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We will usually have a couple of days of summer band after freshman camp and then we will reconvene again in July.  Freshmen report two days earlier than the rest of the band. Band student leadership also attends the Freshman practices.  They will re-learn those basics and start to refine them.  This is a good time for them to get to know their section leaders and each other. 

Once full band starts, then the outside time starts!  Woodwind and brass students will be outside for a couple of hours each day.  They do half a day outside and then after lunch they spend time working on music inside.  Percussion kids usually stay inside the first week or so and then go outside.

Note that when it says practice starts at 7 a.m., that means students are at the school with their instruments and ready to start at 7 a.m. Warm-up time starts about 10 minutes before 7 a.m.  So plan to be at CHS no later than 6:45 am. The drum majors and upperclassmen will be available to show the kids where to go.

Consider forming carpools with other band families in your neighborhood. The kids like riding together and it keeps you from driving back and forth every day.

As a reminder, there is NO additional cost with the summer camps; financial commitments are reviewed at the Parent Meeting.

If your child is unable to make any practice for any reason, an email should be sent to Mr. Skembos, at and they should also tell their section leader(s).

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Things They Need

Have your student pack their stuff the night before. No running around in the morning trying to find a hat or sunscreen!  Make sure your student has the following when they walk out the door for camp:

  • Instrument (except school issued) and any necessary parts (reeds, etc.)

  • Water jug (filled with ¾ ice, and the rest with water)

  • Small Snack (the kids will have short breaks during the day and are encouraged to bring a snack)

  • Sack Lunch

  • Hat/visor & sunglasses

  • Tennis shoes and socks (no flip flops or crocks)

  • Light colored athletic clothing (dry weave shirts are great for pulling sweat away from body)

    • During the school year, they will wear their practice shirts for all practices.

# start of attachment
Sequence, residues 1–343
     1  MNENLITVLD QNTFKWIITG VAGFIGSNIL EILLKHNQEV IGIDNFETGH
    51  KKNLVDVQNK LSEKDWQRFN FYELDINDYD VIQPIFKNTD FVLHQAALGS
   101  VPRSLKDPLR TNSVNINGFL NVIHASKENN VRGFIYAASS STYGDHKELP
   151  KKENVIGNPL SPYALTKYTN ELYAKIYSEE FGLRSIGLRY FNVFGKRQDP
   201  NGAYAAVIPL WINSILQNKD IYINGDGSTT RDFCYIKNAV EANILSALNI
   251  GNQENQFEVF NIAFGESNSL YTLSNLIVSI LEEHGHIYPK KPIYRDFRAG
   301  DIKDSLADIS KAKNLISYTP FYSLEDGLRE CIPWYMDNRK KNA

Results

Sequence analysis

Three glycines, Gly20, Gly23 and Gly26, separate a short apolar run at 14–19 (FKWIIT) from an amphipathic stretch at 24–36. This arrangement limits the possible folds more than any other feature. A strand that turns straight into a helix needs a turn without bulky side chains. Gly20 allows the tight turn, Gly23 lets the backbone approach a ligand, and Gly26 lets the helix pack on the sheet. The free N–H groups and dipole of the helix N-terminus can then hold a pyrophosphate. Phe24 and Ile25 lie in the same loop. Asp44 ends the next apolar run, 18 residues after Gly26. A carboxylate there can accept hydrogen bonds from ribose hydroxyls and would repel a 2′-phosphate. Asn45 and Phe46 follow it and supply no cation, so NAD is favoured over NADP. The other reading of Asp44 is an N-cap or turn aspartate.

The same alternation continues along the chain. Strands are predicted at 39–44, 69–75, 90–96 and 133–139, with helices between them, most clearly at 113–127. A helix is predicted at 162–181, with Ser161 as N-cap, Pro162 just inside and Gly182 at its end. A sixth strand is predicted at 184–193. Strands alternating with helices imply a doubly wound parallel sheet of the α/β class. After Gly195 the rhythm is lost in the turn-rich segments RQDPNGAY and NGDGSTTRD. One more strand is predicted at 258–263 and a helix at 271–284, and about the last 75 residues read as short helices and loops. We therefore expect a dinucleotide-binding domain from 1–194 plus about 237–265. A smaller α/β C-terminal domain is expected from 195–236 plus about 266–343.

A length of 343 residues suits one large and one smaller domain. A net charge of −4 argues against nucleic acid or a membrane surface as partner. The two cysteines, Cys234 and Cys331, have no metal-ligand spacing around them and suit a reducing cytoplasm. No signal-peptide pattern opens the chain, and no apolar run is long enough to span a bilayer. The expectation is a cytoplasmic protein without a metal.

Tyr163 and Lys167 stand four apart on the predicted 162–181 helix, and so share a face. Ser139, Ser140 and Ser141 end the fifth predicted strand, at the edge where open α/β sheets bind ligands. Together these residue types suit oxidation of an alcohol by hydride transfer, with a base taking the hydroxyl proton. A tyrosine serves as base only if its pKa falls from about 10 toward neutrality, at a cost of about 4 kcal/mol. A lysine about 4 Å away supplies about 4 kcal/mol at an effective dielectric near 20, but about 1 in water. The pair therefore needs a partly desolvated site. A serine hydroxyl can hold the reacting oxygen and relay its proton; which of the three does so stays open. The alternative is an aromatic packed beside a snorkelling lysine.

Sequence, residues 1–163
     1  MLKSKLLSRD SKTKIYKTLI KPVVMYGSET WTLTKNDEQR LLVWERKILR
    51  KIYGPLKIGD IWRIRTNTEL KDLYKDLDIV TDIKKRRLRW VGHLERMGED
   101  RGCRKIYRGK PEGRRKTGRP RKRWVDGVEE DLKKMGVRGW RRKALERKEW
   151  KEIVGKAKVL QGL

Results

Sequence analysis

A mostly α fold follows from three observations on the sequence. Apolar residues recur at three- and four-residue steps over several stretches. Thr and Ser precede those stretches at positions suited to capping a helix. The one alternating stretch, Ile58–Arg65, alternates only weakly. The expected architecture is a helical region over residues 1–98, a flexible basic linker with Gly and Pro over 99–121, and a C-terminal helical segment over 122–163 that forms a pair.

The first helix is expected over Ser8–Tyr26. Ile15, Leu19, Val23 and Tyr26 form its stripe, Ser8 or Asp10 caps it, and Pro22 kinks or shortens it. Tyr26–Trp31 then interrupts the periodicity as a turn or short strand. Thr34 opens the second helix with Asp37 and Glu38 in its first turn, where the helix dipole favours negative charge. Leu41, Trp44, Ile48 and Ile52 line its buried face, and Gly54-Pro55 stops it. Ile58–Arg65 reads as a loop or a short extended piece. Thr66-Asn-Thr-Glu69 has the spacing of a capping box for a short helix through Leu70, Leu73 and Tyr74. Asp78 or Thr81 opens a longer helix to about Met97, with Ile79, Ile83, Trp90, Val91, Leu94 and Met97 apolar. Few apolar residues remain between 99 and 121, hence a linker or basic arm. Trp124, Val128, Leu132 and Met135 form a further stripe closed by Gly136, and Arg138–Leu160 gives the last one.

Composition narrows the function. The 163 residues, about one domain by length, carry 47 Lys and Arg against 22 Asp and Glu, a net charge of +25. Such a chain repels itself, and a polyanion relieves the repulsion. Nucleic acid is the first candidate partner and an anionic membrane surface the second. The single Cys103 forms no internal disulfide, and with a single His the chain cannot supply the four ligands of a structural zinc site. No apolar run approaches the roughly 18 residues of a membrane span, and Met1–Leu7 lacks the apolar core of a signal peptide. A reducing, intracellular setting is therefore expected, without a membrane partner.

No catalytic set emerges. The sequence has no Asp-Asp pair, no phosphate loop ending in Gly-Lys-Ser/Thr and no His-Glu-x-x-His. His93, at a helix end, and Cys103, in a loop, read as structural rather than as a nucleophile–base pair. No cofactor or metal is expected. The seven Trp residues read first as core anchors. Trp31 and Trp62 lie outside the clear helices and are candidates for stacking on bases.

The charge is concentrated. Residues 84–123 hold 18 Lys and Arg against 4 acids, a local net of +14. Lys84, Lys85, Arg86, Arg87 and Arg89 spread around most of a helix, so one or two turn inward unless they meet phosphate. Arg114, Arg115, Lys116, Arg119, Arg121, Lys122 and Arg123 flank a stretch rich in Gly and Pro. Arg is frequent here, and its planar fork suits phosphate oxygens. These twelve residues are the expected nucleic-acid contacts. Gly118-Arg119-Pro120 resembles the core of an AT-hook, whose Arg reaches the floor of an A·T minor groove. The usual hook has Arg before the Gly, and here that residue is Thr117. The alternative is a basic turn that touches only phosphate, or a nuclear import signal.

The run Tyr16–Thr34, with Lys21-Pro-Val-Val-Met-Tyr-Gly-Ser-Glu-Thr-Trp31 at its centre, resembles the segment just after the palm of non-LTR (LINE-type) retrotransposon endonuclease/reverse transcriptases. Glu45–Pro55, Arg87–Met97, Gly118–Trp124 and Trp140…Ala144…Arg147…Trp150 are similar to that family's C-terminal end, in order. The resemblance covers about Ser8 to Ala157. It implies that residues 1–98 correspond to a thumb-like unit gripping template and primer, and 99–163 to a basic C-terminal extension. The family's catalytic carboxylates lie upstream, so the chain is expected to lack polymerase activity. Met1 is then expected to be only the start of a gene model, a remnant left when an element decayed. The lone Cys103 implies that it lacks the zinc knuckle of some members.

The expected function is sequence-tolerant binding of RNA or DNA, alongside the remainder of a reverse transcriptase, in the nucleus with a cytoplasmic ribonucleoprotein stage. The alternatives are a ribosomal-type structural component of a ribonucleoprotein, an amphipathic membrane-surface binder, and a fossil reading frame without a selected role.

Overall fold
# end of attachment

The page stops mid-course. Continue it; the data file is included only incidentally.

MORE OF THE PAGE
• Sunscreen (apply at home but bring with them to reapply as needed)

  • CISD Physical form, unless they already turned theirs in

The Heat is ON!

We highly recommend NO DAIRY products for breakfast (No milk, yogurt, cheese, etc.).  Dairy + exercising in the heat can cause an upset stomach.  It will be HOT outside. One way to get a good start each morning is to drink at least 8 oz of water before leaving the house.  They need to drink lots of water after they come home too and this will help them to be ready for the next day. The Houston Chronicle ran a story a while back about ways to stay safe in the heat. Here is the link: Keeping it cool in extreme heat

Summer practice can be a difficult time. It’s miserably hot, the instruments are heavy, and learning to march and play at the same time is challenging. As freshman, some of the kids struggle through that first summer and worry that they would never be able to do this. It is hard for us parents to see them come home so dejected some days. A few kids are natural marchers and “get it” from the beginning, but the majority feel like they have two left feet.  One day, you will be so happy to see a huge grin on their face, proudly proclaiming that they marched the show without making any mistakes. After that, their confidence level soars. You can help your kids by just encouraging them to hang in there and keep trying. We promise, it is worth the hard work.  Working toward a common goal through adverse conditions bonds a group together. They will soon start to feel like one big family and some of the friendships your kids are about to make will last through high school and beyond.

We have heard all!

  • It’s too hot.

  • I don’t want to get up that early.

  • I don’t understand what the band director wants me to do.

  • I’ll never be able to march AND play.

  • None of my friends are here and I don’t know these kids.


Hang in there, and encourage your kids to do the same. After the first week or so, it will start to get easier.